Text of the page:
Is It Worth Suing For Food Poisoning?
According to the Center for Disease Control, approximately 1 in 4 adults will experience food poisoning in their lifetimes. Food-borne illnesses can be immensely disruptive to a person's life, sometimes requiring medical treatment and other inconveniences. While you may be tempted to sue the party liable for your illness, it's important to consider all the factors involved to ensure the effort is worth your time and money. Here are some things to think about before calling an attorney.
Bail Reduction Is Possible
Have you or your loved one been arrested for a criminal offense? Are you wondering how to settle the bail? If you are unable to pay, you or your loved one will have to remain in custody until the trial ends. The process may drag on for weeks, even months and may result in a loss of income and a separation from friends and family. Fortunately, it is possible to have criminal bail reduced.
How To Represent Yourself In Court
Stuck in a legal hassle? If money is a problem and you are in no position to hire a lawyer, how do you represent yourself in court? Is any kind of court assistance available? Hiring a lawyer for a case is often a tough decision if you have financial constraints. Reputed lawyers often charge high fees, which are difficult to arrange for many people, especially in a short time frame.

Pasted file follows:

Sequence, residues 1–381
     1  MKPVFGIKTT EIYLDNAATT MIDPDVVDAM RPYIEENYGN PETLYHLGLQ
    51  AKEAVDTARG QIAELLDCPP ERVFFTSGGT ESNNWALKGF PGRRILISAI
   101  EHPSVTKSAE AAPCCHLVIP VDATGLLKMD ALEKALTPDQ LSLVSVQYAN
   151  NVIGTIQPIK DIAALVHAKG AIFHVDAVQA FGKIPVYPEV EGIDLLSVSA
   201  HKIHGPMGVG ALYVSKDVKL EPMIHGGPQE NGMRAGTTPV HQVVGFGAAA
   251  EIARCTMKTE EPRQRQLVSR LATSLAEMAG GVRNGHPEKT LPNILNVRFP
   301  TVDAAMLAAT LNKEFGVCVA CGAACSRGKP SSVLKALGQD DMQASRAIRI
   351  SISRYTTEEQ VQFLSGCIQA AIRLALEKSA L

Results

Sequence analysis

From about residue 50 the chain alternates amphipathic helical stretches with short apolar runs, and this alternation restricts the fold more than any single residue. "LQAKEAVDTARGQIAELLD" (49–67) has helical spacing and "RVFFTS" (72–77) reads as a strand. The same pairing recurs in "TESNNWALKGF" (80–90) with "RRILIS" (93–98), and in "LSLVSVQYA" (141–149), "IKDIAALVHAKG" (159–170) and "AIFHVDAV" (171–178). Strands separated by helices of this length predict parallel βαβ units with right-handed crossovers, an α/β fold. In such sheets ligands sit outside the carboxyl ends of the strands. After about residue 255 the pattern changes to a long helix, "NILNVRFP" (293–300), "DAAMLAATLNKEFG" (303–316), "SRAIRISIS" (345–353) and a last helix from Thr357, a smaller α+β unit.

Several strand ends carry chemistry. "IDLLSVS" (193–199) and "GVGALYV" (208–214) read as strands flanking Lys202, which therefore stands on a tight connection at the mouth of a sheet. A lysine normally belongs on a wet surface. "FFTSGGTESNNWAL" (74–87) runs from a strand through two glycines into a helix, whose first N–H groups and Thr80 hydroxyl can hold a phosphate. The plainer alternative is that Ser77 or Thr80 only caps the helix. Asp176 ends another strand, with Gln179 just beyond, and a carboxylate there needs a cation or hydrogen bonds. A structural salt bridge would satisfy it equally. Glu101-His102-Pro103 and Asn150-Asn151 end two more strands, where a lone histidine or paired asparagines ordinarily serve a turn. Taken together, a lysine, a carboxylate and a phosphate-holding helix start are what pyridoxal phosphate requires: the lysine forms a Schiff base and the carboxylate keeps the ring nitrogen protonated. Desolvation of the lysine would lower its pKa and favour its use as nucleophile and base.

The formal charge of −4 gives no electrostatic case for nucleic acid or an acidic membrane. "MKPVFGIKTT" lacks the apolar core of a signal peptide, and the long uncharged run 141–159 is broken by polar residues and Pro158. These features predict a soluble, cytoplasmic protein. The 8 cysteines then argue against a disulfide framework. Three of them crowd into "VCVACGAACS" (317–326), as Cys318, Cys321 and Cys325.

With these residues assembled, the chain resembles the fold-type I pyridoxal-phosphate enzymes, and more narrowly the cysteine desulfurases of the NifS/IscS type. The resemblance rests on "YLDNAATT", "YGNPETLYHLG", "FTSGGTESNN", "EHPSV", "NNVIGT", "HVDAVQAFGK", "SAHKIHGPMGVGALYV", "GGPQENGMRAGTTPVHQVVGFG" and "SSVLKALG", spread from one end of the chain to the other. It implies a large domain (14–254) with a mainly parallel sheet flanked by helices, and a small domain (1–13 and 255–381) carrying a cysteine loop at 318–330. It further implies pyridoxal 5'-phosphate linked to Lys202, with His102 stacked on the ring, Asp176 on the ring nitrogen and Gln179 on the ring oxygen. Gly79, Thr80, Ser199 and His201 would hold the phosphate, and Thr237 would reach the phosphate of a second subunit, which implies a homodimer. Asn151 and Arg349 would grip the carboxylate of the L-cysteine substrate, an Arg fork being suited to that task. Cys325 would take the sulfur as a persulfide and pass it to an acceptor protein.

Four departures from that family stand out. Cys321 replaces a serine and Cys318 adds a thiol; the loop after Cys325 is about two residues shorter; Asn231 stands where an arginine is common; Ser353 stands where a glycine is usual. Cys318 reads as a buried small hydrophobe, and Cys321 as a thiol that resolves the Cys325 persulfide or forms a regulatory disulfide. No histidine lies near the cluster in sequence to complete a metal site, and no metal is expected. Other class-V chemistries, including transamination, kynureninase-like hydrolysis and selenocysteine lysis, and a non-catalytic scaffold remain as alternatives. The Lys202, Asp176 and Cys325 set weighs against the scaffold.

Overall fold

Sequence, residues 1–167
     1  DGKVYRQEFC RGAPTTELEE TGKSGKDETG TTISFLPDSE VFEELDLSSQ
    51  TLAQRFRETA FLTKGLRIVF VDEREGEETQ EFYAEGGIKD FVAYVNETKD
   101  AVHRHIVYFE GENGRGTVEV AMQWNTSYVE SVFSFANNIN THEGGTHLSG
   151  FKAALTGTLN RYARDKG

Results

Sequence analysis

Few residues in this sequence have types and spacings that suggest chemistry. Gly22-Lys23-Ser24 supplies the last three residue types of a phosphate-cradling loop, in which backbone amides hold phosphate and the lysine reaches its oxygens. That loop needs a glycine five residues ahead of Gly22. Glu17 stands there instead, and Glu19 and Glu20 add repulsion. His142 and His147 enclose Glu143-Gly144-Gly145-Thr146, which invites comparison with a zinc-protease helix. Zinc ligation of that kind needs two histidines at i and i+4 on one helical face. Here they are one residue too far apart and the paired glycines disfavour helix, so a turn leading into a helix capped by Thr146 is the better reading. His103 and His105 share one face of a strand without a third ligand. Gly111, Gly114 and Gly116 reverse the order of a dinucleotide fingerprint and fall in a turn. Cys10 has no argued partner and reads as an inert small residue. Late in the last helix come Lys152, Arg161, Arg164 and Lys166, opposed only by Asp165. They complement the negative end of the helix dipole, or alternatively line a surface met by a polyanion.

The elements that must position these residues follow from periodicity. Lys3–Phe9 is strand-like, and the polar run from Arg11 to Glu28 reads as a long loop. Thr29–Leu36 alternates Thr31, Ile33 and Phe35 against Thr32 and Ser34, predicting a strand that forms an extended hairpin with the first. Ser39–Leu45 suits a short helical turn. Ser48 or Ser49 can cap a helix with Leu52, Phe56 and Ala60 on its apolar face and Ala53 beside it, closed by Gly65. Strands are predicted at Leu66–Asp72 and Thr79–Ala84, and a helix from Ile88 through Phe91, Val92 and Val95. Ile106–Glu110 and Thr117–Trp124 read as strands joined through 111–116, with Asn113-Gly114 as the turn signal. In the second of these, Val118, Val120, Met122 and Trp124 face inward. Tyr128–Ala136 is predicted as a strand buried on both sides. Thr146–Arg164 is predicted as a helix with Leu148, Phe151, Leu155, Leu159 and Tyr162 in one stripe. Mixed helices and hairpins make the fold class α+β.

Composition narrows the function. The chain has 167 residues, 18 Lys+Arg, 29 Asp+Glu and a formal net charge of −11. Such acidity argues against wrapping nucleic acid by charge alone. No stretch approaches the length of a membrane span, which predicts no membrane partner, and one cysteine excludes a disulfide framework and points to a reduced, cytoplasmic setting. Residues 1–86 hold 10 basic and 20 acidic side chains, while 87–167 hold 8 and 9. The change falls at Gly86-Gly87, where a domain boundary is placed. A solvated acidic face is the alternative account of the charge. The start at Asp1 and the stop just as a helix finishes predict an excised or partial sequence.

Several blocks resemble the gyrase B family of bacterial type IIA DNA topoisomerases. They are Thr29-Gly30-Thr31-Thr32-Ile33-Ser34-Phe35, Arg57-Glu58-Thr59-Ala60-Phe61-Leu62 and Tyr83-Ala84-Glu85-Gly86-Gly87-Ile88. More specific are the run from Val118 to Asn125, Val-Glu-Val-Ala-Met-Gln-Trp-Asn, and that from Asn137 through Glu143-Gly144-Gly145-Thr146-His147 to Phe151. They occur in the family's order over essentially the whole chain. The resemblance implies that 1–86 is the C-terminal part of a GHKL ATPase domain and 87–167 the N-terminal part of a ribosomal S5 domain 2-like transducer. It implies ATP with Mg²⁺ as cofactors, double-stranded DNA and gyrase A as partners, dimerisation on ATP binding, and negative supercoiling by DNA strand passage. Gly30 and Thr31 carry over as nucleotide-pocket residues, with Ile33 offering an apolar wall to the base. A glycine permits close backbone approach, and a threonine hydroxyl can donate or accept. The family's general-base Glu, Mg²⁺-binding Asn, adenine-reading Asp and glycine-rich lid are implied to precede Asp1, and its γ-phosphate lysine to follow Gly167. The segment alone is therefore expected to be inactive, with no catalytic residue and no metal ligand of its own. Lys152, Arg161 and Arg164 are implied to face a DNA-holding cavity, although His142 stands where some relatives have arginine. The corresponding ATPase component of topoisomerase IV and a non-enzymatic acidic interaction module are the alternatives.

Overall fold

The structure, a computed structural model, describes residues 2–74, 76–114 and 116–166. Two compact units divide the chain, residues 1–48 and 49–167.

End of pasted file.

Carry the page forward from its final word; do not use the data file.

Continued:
Is Appealing A Probation Revocation Decision Possible?
After probation is ordered, you are required to follow the terms of the order that is established by the court. If you fail to do so, you could face a revocation. A hearing will be held and a judge will decide whether revocation is necessary. If the judge rules that you are guilty of violating the terms of your probation, you could face jail, prison, or an extension of your probation.
Beware Of These Two Traps When Working With A Vocational Counselor
If you are unable to work in your old position due to injuries you sustained through a workplace accident, you may be assigned a vocational rehabilitation counselor who will help you find a new job. Although these counselors are supposed to act in the best interests of their clients, sometimes they work with the workers' comp insurance provider (or employers) to sabotage the employees seeking assistance. Here are two things your counselor may do to hurt your case and how you can deal with them.